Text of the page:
Limiting technology before bedtime provides such a strong morning work surge it may be the best productivity investment you can make.
That's the experimental finding of staff from The Simple Dollar personal finance site who tried five common tools: limiting technology after 7 p.m., meditation, jettisoning the almighty to-do list, taking morning and afternoon physical activity breaks and time blocking.
It's a limited sample – one person trying each technique for a short period of time – but the diversity of techniques draws attention, as well as the fact they considered the investment required to come up to speed with each effort. All except time blocking produced positive returns, even after that investment. Here's what they found, according to the site's Andy Bowen:
The calls to limit technology at night tend to be focused on the need for a period of time free from the burden of work and the improvement of sleep quality. This study highlights how using technology right up to bedtime hurts your productivity the next day because you're sleepy. The test banned laptop, smartphone and other blue-screened device usage after 7 p.m. because light emitted from those devices can reduce melatonin production and throw off your circadian rhythm.
The researcher who tried this approach found that, thanks to better sleep, he tackled work earlier the next morning and accomplished the same amount of work from 7 a.m. to 9:26 a.m. that he normally achieves in a three-hour stint from 9 a.m. to noon – a 19.7-per-cent improvement. Another way to look at it: He cut 34 minutes off his morning routine. It also took 30 minutes less to fall asleep, another big gain.
Mr. Bowen stresses this is not just taking a break but the practice of focused thought and breathing that can improve the brain's neuroplasticity. "When performed correctly, meditation is an excellent practice with multiple long- and short-term benefits that help us make better decisions, feel less anxious and improve our memory," he notes.
The researcher tried three different forms of meditation in a four-hour afternoon period, helping to emerge refreshed each time for the work she faced. She calculated 41 minutes were saved, compared to a work afternoon without meditation – that's a 17. 1-per-cent gain. It was also the easiest technique to implement.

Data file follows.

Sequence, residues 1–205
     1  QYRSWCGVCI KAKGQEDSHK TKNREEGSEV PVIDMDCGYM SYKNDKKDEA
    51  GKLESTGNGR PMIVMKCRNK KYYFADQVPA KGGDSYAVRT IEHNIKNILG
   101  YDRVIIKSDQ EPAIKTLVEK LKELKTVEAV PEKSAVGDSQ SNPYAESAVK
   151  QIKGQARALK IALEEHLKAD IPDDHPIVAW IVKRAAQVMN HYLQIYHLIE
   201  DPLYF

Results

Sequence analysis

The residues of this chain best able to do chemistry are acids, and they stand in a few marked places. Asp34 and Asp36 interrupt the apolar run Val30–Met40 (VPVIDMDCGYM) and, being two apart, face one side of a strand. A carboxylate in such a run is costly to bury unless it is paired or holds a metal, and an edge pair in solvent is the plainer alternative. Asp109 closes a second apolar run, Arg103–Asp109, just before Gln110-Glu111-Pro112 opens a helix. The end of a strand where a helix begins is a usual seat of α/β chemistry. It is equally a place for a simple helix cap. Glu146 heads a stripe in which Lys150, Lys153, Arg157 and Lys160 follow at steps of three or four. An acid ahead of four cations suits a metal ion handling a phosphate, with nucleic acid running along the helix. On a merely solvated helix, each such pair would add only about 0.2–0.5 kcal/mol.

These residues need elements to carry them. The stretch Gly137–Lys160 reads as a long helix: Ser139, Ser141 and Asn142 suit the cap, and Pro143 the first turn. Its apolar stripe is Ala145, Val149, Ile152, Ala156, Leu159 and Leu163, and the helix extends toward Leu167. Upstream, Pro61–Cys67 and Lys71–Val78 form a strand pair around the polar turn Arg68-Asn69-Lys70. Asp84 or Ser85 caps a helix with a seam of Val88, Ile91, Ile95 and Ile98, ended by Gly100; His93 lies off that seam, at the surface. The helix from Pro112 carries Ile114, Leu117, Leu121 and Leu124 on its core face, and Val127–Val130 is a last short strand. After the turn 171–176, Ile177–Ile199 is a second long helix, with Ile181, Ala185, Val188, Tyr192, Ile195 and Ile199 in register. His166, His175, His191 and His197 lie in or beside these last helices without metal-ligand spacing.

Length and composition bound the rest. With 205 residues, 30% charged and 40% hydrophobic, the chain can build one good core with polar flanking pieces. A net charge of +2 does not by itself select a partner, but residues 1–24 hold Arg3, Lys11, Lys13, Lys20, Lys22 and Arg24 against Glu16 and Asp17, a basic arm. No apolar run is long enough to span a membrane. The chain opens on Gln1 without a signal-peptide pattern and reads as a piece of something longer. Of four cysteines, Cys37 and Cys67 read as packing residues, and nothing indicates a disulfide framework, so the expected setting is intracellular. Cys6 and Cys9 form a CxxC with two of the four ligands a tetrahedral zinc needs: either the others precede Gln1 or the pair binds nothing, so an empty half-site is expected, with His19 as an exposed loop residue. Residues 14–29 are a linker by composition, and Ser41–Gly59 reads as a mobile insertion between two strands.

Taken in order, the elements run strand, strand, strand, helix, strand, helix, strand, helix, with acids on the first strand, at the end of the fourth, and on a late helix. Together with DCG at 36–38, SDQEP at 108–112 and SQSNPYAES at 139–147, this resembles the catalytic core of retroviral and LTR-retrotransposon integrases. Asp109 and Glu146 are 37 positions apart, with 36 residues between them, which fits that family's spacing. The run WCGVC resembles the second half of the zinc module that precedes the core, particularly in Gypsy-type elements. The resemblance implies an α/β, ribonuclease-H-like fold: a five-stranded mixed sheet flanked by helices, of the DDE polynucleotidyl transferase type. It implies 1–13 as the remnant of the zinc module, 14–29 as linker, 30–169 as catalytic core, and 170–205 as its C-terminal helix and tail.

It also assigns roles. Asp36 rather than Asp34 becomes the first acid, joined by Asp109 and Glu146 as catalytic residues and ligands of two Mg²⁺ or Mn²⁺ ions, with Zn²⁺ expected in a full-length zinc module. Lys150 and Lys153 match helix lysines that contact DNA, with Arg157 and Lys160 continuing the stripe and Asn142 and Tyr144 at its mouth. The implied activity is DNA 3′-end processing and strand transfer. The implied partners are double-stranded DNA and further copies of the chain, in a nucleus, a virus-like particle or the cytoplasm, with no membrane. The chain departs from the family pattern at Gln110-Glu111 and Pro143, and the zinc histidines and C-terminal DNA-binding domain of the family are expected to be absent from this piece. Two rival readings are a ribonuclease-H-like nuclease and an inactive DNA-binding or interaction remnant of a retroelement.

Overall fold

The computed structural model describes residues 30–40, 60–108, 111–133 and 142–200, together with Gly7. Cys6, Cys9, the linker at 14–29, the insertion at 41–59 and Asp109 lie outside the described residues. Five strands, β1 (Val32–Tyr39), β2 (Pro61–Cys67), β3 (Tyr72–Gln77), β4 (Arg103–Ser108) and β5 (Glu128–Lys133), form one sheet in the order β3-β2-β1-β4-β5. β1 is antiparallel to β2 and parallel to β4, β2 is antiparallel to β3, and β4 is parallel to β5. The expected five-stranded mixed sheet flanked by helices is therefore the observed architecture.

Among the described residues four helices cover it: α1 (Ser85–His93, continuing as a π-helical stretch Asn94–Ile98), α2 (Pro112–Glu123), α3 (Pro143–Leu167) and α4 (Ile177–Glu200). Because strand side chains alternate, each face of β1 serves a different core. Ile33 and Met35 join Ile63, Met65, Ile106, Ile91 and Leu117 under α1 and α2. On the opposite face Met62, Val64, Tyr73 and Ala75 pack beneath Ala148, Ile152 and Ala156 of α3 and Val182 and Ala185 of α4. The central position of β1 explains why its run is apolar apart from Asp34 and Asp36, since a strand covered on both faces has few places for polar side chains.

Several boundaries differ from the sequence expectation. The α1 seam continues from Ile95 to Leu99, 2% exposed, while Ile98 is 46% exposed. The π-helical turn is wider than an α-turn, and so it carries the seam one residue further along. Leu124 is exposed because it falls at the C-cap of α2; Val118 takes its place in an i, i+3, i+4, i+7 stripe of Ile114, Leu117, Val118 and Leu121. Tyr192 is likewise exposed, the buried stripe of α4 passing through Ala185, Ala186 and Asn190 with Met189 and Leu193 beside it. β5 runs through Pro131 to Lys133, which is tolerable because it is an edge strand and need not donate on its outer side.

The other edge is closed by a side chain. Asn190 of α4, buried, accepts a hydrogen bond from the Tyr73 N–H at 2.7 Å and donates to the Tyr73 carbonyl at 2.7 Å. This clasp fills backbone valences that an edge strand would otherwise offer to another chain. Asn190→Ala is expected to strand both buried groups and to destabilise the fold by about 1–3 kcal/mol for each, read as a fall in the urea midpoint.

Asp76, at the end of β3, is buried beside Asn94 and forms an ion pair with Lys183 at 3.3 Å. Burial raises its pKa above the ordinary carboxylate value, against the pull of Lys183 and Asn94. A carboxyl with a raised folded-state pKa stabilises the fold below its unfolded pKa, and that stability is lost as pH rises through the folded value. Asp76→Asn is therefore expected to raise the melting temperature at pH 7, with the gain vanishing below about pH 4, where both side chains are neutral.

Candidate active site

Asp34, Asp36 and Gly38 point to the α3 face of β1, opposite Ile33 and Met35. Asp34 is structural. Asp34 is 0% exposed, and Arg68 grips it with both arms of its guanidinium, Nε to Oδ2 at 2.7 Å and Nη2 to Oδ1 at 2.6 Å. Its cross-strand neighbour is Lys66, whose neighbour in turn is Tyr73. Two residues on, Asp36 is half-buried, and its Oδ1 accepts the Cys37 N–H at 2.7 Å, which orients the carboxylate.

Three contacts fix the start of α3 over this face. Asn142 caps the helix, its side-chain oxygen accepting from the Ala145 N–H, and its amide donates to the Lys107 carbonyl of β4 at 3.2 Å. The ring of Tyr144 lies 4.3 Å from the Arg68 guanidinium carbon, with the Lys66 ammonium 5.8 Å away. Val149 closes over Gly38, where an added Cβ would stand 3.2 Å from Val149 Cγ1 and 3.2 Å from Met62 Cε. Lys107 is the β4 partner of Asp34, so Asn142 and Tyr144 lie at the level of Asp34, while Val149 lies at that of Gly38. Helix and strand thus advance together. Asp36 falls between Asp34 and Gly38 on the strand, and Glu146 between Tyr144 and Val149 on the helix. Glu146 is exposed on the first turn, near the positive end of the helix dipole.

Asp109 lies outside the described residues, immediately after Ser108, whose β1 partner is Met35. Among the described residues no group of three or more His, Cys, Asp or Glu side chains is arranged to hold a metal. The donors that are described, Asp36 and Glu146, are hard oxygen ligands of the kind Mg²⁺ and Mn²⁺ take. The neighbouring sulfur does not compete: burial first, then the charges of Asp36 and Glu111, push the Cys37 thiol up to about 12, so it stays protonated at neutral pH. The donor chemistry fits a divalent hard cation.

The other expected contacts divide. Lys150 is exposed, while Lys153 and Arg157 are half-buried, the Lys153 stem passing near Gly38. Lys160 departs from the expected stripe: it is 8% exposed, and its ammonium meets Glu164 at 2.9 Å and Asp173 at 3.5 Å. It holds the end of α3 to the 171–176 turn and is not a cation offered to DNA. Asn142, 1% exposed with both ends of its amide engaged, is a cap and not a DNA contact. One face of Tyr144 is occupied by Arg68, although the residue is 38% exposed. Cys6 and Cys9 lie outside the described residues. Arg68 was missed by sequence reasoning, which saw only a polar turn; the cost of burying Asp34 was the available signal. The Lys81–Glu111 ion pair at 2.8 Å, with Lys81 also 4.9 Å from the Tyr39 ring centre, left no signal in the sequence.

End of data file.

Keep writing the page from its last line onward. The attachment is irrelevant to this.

The techniques were guided meditation, in which the mind was led through a scenario; mindful meditation, in which the mind focused on one thing; and awareness meditation, in which the mind concentrates on its surroundings. Awareness meditation was soothing but the least effective since the researcher found herself still very interested in her surroundings when attempting to refocus on the task at hand.
Replacing to-do lists with a schedule
If you live your day by a to-do list, you'll want to reconsider since big gains were achieved by giving that up and instead developing a schedule for all tasks.
"To-do lists have a major flaw: They don't account for time. Time happens to play a major part in being productive. Scheduling your day, rather than arranging it into to-dos without deadlines, accomplishes a couple of things. First, you begin to learn more about yourself – and without that self-awareness, you won't be able to push yourself toward the next level. How effectively could a runner train without ever timing laps? Schedules also employ a sense of urgency that you don't get with a priority-based structure. The feeling of 'I only have 45 minutes to do this' is more motivating and less stressful than having three 'high priority' tasks in your backlog," he writes.
The site content writer who tried scheduling figured he shaved 72 minutes off the work time for tasks in a workday – 10 minutes per task, a 19.7-per-cent gain. It did, however, require 15 minutes of preparation the night before, which takes the gain down to 11.6 per cent. Mr. Bowen suggests with practice that prep time could be reduced.
The test split up both the morning and afternoon work hours with a 15-minute break for physical activity; in this case, yoga. It saved about 15 minutes over a 490-minute work day, so only 3.1 per cent. But mood and energy levels seemed to soar, so it was still a winner.